Recently, however, Guy Halsall has challenged the whole idea that these graves belonged to immigrants at all, on the reasonable grounds that furnished inhumation was not the funerary rite practised by Franks beyond the frontier in the late Roman period. In fact, Frankish burials of the period c.350 to 450 (and, indeed, earlier) are undetectable in the confederation’s heartlands between the Rhine and the Weser. Enough work has been done in these areas to suggest that this is not just a gap in the evidence. Almost certainly, Franks in the wild disposed of their dead in an archaeologically invisible manner, quite likely cremation followed by a scattering of the ashes. It is also the case that the belt sets and weaponry contained in the furnished male burials on Roman soil were all of Roman manufacture. The idea that burial with weapons was a Germanic habit, Halsall argues, is an anachronistic back-projection from later Merovingian practice, when furnished inhumation did spread through the Frankish world. Rather than indicating that these graves were occupied by non-Romans, this fourth- and fifth-century group of furnished inhumations shows that a new, competitive burial practice was spreading among the would-be social leaders of the region. As imperial structures offered increasingly less support to those whom they had previously benefited, competition for social superiority began, and a new furnished burial ritual was one element in the process.72 This is obviously a variant of the same argument used in the case of fifth-century Britain, but in Gaul the new burial rite certainly came in long before there was any large-scale Frankish immigration.

On balance, neither of these interpretations seems entirely convincing. The disparate nature of the find spots of these graves – cemeteries attached to military installations, rural settings, and even some in urban graveyards – indicates that, in life, the people being buried in this fashion were not a unified group, but individuals operating in a variety of contexts. It is certainly very difficult to see them, therefore, as any kind of Frankish fifth column. Both the chronology of the burials and the nature of the male gravegoods also suggest, more generally, that they were individuals working within and not against Roman imperial structures. But nor is the social-stress argument completely convincing either. For one thing, the furnished burials start too early (c.350 AD) to be associated with any major decline in Roman imperial power in the region, which even Halsall would not date before the late 380s, and I and others would actually date to the aftermath of the crisis of 405–8.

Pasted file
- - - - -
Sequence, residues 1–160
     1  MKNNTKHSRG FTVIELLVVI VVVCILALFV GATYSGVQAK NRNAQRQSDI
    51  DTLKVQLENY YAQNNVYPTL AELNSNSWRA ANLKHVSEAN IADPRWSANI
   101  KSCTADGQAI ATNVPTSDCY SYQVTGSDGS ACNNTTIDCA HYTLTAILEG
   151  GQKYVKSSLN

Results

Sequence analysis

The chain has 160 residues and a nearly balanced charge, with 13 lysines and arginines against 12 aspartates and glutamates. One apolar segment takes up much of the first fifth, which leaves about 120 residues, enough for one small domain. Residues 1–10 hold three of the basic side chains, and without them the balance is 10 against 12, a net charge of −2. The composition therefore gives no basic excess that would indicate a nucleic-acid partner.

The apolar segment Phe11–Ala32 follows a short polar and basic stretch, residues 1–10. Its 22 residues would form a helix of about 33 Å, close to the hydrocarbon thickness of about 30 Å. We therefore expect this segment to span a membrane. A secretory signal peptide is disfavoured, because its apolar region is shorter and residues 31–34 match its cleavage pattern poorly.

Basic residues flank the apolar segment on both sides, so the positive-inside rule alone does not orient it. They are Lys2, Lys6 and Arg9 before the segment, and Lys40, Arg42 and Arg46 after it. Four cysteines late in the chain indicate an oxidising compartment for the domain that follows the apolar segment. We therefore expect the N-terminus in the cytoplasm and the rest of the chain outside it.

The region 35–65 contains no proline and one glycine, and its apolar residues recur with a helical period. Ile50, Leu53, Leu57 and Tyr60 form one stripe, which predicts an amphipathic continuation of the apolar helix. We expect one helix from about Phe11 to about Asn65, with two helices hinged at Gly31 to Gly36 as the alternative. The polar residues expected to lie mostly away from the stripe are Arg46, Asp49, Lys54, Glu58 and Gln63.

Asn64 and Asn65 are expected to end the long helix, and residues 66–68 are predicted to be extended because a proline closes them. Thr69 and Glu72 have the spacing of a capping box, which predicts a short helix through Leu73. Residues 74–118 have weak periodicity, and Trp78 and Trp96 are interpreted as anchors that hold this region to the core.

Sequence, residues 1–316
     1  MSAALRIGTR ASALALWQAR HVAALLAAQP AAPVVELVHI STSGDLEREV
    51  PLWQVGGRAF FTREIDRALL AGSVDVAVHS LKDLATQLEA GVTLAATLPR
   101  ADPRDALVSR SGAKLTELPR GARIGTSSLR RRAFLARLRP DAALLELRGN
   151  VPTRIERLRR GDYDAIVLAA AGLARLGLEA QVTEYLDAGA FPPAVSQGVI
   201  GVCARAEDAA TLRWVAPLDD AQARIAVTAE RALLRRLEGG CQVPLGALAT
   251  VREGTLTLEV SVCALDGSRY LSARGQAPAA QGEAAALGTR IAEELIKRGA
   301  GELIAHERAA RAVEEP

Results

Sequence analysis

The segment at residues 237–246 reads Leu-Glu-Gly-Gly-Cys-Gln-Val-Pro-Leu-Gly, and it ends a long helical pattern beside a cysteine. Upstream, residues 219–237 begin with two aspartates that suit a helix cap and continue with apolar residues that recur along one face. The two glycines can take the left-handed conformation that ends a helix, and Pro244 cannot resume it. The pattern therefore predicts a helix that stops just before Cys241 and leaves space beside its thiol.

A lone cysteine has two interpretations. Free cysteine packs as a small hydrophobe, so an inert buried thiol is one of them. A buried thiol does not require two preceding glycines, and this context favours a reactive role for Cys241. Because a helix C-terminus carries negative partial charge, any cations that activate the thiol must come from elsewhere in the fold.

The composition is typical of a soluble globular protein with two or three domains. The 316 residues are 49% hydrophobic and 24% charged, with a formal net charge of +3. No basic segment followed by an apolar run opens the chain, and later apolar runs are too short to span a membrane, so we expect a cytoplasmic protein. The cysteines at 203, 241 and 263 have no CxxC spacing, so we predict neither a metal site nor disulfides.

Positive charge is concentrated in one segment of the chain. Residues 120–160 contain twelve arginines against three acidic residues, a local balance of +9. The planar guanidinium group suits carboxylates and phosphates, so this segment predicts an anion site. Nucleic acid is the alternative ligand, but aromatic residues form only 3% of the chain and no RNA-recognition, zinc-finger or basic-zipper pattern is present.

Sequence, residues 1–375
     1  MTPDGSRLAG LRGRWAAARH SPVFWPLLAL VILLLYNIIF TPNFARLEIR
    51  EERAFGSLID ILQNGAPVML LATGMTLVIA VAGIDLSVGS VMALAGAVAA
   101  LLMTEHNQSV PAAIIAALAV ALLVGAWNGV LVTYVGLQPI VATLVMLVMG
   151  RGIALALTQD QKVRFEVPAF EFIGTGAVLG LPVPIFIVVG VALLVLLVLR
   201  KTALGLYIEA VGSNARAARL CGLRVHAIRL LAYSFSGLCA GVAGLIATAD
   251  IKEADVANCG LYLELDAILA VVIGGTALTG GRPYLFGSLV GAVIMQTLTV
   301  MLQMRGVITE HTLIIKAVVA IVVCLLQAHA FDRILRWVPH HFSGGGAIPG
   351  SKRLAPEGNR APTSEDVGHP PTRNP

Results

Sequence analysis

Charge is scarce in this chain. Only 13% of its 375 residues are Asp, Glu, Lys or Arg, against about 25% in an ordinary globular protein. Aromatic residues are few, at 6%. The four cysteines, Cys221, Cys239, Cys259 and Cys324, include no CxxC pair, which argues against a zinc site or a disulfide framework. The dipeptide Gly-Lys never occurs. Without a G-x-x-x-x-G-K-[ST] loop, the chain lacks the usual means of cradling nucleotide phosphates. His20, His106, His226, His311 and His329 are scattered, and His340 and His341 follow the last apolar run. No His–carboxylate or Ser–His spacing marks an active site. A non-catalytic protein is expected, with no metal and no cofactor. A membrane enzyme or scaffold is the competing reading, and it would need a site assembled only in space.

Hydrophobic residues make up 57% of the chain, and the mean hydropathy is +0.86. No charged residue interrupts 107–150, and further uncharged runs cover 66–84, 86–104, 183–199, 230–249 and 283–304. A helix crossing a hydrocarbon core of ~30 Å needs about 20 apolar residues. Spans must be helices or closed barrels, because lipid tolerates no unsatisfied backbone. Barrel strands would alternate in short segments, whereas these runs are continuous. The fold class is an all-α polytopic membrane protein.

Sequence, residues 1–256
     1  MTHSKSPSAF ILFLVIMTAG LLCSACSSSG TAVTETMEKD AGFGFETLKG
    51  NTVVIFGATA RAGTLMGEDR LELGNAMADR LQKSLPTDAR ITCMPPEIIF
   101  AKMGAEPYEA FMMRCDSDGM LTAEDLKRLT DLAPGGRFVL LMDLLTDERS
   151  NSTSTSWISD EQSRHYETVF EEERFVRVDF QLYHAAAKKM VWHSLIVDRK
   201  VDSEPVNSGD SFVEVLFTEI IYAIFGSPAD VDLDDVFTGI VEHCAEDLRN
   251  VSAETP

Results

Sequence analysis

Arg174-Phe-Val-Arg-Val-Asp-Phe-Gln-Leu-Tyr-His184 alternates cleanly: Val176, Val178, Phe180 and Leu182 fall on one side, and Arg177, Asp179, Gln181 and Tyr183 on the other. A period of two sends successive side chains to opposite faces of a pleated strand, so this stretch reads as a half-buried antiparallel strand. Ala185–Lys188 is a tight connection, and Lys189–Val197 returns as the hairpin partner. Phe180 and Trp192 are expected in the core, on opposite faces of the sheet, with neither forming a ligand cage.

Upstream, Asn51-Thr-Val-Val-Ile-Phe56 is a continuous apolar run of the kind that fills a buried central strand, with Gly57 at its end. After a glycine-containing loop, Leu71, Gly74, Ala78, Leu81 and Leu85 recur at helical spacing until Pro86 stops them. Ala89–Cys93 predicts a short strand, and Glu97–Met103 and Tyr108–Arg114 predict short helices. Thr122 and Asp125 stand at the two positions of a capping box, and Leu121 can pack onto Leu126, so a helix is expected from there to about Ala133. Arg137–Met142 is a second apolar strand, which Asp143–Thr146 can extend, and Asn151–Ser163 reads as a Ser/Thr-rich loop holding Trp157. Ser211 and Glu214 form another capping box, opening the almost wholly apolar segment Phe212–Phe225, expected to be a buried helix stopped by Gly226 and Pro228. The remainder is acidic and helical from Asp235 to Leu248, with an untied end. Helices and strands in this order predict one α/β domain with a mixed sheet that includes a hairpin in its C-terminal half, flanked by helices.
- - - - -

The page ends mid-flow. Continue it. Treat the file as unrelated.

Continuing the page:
The burials are also relatively few. If they were the products of a process of social competition, it was a very low-key one. And that the individuals concerned might just possibly have been Germanic immigrants of some kind (though not necessarily Franks) is suggested by the female graves that accompany some of the males. Not every male has a female counterpart, but in Picardy as many as half do, which is a strikingly healthy proportion. And while the goods buried with the men are undoubtedly Roman-made, their accompanying womenfolk were buried with ‘tutulus’-style brooches, which are otherwise found only in a group of rich Germanic burials from the Lower Elbe, far beyond the Rhine in Saxon country. The Elbe brooches are mostly of slightly different types from those found in northern Gaul, and the latter may be earlier in date. In that case, the brooches would not provide any reason for thinking these burials Germanic, since Roman fashions were often adopted by Germanic elites beyond the frontier. But, for the moment at least, the jury appears still to be out on these more technical matters, and if this brooch type does prove to be basically non-Roman we may still be looking at the burials of migrants who did well in the Roman system. Either way, Halsall is entirely convincing both that the burials have nothing obvious to do with later Merovingian-era burial habits and that, even if Germanic, they would provide no compelling evidence for a large-scale late Roman settlement of Franks between the Rhine and the Loire that facilitated Clovis’ later triumphs.73

If the north–south divide within the sixth-century Merovingian kingdom cannot be traced back to a preceding Frankish settlement north of the Loire in the late Roman period, part of the explanation lies in the fifth-century political history of the region, in which Franks played a part. Arguments for a large-scale withdrawal of Roman power before the crisis of 405–8 are no more convincing here than they are in the case of Britain.74 But as the potent mixture of invasion and usurpation began to work havoc with the power base of the western Empire, then parts at least of northern Gaul, like Britain another fringe region of the Empire, began to feel a similar loss of protection. Thus Armorica – north-western Gaul (now Brittany) – revolted at the same time as Britain in 409/10, likewise perhaps from the control of the usurping Emperor Constantine III. But whereas Britain was cut permanently adrift from the Empire at this point, serious efforts were made in the 410s to bring northern Gaul back under the imperial umbrella, when the worst of the initial crisis had been weathered. And throughout the first half of the fifth century, periodic efforts were made to maintain imperial control north of the Loire: a mixture of direct interventions against breakaway groups, maintaining some regular Roman forces in the region, and occasionally implanting irregular ones.75